All schools and child care institutions which participate must agree to operate the program on a nonprofit basis for all children without regard to race, sex, color, National origin, age or disability.
All children enrolled in schools and institutions in which the Special Milk Program is in operation may participate in the program.
Applicant organizations must furnish evidence of nonprofit status. Costs will be determined in accordance with USDA Uniform Federal Assistance Regulations (7 CFR Part 3015 or 3016 and 3019).
Aplication and Award Process
The application forms as furnished by the State agency or Food and Nutrition Service, as applicable, must be used for this program.
This program is eligible for coverage under E.O.
12372, "Intergovernmental Review of Federal Programs." An applicant should consult the office or official designated as the single point of contact in his or her State for more information on the process the State requires to be followed in applying for assistance.
Public schools in all States make application to the State educational agency unless the state applies and is approved a waiver to designate an alternate agency. Appropriate forms may be obtained from this agency. In most cases, nonprofit private schools and institutions also apply to the State educational agency. However, in some States, the State educational agency is prohibited by State statute from disbursing Federal funds to nonprofit private schools and institutions. In such instances, the application will be referred to the appropriate alternate State agency or the appropriate Food and Nutrition Service regional office.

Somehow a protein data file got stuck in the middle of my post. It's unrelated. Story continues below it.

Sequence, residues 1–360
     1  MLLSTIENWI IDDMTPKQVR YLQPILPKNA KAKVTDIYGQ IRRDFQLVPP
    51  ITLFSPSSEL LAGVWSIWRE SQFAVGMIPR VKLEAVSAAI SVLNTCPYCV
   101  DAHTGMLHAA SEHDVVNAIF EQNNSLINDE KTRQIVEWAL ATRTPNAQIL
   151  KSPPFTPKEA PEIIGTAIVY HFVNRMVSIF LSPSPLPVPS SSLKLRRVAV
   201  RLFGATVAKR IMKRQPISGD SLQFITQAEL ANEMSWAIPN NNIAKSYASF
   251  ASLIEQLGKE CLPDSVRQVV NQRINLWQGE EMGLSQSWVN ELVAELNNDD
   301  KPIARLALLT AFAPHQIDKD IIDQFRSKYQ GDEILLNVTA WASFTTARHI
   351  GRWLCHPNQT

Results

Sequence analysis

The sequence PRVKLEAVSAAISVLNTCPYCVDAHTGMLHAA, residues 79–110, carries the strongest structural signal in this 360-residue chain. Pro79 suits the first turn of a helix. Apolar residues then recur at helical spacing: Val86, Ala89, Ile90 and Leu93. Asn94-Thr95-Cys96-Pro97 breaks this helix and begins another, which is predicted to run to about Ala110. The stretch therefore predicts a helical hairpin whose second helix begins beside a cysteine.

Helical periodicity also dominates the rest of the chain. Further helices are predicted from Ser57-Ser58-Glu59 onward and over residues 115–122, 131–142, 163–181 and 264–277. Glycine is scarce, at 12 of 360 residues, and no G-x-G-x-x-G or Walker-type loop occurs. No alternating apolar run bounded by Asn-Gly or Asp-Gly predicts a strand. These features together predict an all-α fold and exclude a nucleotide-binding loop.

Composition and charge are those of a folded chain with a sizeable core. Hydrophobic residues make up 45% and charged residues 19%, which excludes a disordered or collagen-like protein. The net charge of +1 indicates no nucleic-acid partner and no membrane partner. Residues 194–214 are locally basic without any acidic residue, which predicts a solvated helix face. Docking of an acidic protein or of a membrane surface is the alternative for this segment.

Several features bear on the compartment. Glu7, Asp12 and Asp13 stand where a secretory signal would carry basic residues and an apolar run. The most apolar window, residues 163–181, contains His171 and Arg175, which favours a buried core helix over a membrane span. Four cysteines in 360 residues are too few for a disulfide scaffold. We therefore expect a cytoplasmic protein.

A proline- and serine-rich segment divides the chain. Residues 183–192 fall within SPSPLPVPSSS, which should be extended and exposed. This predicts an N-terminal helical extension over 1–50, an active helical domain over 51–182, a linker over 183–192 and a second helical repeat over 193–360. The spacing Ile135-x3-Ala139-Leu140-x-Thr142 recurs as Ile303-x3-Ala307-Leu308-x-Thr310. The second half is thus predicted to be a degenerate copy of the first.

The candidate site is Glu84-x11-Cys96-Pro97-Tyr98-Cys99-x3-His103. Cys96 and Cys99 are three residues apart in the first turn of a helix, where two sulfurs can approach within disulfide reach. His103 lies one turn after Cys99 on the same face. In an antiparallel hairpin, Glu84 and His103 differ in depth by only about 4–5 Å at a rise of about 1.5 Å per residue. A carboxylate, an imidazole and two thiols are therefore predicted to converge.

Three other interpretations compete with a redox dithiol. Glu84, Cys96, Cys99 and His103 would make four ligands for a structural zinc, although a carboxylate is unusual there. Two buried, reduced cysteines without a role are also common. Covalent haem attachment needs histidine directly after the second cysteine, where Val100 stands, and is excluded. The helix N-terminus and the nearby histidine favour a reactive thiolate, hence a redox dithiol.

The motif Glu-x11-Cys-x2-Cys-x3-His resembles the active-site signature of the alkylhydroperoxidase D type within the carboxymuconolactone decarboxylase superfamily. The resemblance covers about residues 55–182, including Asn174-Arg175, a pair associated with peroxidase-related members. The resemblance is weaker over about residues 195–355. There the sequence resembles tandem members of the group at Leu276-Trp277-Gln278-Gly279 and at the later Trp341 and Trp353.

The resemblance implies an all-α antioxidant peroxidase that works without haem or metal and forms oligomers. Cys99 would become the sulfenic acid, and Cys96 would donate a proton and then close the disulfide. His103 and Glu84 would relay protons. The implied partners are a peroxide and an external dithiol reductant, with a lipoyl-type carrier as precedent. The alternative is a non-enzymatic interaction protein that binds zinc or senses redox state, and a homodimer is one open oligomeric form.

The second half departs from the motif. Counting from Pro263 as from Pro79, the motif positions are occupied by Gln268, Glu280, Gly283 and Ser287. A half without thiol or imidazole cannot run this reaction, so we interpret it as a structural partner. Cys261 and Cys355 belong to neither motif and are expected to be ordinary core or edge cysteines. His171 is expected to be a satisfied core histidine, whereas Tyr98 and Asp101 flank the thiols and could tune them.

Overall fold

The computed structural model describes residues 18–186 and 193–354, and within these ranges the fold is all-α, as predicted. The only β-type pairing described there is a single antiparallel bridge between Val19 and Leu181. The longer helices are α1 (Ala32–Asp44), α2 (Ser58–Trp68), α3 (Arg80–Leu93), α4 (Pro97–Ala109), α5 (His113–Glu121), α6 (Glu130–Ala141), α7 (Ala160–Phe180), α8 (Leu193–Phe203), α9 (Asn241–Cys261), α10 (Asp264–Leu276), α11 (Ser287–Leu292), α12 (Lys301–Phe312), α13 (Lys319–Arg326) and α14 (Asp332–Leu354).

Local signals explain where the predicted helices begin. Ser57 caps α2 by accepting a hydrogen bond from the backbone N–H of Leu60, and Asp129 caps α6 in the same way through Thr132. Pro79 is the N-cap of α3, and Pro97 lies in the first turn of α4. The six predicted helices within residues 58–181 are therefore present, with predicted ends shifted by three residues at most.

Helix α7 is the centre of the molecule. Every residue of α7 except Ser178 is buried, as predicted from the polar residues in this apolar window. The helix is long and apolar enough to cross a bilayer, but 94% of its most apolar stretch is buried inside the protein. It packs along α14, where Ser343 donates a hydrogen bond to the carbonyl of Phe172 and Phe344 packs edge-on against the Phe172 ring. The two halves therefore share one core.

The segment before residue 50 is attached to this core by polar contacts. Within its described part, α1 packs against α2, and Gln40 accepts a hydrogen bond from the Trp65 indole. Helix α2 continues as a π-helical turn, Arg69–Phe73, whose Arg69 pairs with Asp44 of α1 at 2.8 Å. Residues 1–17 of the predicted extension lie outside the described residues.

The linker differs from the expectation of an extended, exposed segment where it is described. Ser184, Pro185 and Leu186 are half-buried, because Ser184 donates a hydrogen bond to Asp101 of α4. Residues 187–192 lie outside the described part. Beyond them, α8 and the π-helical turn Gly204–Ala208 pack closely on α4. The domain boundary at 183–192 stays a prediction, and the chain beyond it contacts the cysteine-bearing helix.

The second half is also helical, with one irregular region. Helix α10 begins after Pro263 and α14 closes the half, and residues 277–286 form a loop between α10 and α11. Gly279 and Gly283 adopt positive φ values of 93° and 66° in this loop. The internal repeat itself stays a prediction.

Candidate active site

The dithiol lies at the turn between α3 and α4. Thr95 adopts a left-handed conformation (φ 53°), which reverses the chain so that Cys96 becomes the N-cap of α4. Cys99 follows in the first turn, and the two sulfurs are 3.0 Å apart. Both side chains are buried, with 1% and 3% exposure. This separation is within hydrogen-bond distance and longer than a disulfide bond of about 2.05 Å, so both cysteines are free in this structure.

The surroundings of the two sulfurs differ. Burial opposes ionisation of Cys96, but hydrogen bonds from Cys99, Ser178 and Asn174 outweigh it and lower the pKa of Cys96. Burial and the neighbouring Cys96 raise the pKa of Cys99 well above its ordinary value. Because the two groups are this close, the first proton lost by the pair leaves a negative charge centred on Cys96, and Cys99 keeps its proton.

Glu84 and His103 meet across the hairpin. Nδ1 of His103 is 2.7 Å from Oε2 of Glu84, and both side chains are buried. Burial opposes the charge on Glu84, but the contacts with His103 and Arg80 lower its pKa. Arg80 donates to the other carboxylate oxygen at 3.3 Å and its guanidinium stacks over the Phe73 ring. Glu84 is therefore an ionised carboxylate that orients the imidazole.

The State agency or the FNSRO, where applicable, reviews the written application of school or child care institution and, upon determination of eligibility, makes a written agreement with school or sponsor for participation in the program.
Federal/State agreement must be signed.
Child Nutrition Act of 1966, as amended, 42 U.S.C. 1772 and 1779.
Range of Approval/Disapproval Time
Agreements are effective upon approval of the State Agency or the FNSRO, where applicable.
None. State agencies or the FNSRO, where applicable, are responsible for determining eligibility of a school or institution.
Permanent, amended as necessary.
Formula and Matching Requirements
The reimbursement rate for each paid half pint of milk served to children with household income levels above 130 percent of the poverty line in schools and institutions that participate in the Special Milk Program during school year 2007-08 is 17.0 cents, and the reimbursement rate for each 1/2 pint of milk served free (in pricing programs with a free milk option) to children with household income levels at or below 130 percent of poverty is the average cost of 1/2 pint of milk. This rate is adjusted each school year to correspond to the change in the Producer Price Index for Fluid Milk Products published by the Bureau of Labor Statistics. The statistical factor used for beneficiary eligibility for free milk is 130 percent of the poverty line and the source is the Federal income poverty guidelines. There is no matching guideline. The cost of milk in excess of the Federal reimbursement must be borne by sources within the States (7 CFR Part 215). Disbursement to States is based on the number of half pints served to children. This program has no maintenance of effort (MOE) requirement.